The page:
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FLEXO Magazine : September 2013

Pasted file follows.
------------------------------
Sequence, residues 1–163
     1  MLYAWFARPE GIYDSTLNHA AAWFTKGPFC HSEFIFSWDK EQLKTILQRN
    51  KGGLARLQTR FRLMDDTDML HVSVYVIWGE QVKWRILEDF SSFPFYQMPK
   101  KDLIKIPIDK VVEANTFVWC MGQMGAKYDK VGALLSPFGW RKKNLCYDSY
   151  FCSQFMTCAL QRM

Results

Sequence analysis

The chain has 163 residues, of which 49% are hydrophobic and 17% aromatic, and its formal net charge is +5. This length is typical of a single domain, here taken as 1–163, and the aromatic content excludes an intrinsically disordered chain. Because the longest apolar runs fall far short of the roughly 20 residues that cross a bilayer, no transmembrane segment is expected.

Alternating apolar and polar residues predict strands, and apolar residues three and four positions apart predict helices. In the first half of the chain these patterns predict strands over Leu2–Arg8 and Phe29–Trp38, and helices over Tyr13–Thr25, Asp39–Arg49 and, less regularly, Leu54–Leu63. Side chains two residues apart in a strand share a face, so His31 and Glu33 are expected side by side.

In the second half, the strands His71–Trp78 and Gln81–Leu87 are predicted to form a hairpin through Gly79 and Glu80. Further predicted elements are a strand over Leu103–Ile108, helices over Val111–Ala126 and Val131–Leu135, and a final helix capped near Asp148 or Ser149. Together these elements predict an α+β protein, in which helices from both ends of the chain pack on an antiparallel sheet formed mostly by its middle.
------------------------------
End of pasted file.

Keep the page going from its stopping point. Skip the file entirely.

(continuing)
ogy, coupled with a lower volume anilox spec, can match this spec and deliver significant ink savings. Q: With new plate technology and surface screening, we are seeing significant solid ink density (SID) increases that are comparable to “Next Generation” plates. The gamut increase is apparently due to SID increase, so is it a realistic expecta- tion that the gamut increase is achievable with plate technol- ogy other than “Next Generation” plates? A: The fundamentals for increased gamut are three-fold. What we know from the conditions we captured were the conventional plate delivered a reduced density and a larger minimum dot. It was also apparent that the ink trapping was not as efficient as the next generation. We can only speak for our experiment and our findings. Q: If SID were run at comparable numbers, what would the comparison look like? A: The Next Generation would have a larger color space due to the smaller minimum dot, extended tonal range and better ink trapping. Q: If we increase density of CMYK, will we change the FIRST standard for density? How does an increased density of CMYK affect grey balance? A: Next Generation plate technology provides the printer with two options: increased color gamut due, in part, to higher achievable densities, or the capability to maintain established target densities (like FIRST) with higher line, lower volume anilox rolls leading to expanded cost efficiencies. Gray bal- ance can be maintained at higher print densities as long as the colors remain balanced. Q: If the increased color gamut with the Next Generation plates is due to increased density, couldn’t we just increase our density with conventional plates and get the same re- sults? A: The increase of color gamut happens for three reasons, an increase of density, expanded tonal range capability and better ink trapping. Stability and repeatability from the print- ing plate also play a role. The challenge with increasing the optical density with a conventional plate is that by doing so affects dot gain, especially the minimum dot. So in effect all that happens is the color space moves to a more dense range of colors. This poses a bigger challenge to then print halftone images and fading off to zero percent vignettes. With Next Generation plates these challenges are reduced significantly. Ann MichAud Q: Do you offer a crosshatch for your mounting tape? If so, does it come with different densities? A: Yes, 3M offers mounting tapes with microchannels in the adhesives. The microchannels will allow easy mounting with virtually no air entrapment. The mi- crochannels or crosshatch adhesives are available on all eight foam densities. Q: Why was a 900 lpi/3.5 bcm anilox used? Typical 900 lpi will have 1.9 -2 .3 bcm. A: We selected our anilox to represent a typical line for 150 lpi combination printing. Our Design of Experiment was conducted on two print stations running simultaneously; we needed two identical anilox rolls. Our selection of bcm was determined by the inventory of anilox rolls at the test location to most closely meet our objectives. Q: Why do the hardness of the tape and the hardness of the plate inversely affect ink density? Why does a hard tape increase dot gain, but a hard plate decrease dot gain? A: This is often confusing at first. Since the plate material is non-compressible, the softer the plate, the more it will conform to the substrate, increasing ink density and dot gain. Moving to a harder plate will decrease the conformability to the substrate, decreasing ink density and decreasing dot gain. The mounting tape, however, is a compressible mate- rial. A softer mounting tape will compress more, decreasing the pressure between the plate and substrate, thus decreas- ing ink density and dot gain. As the firmness of the mounting tape increases, the tape will compress less and the result will be increased pressure between the plate and substrate, increasing ink density and increasing dot gain. Michaud 20 FLEXO septeMber 2013 www.flexography.org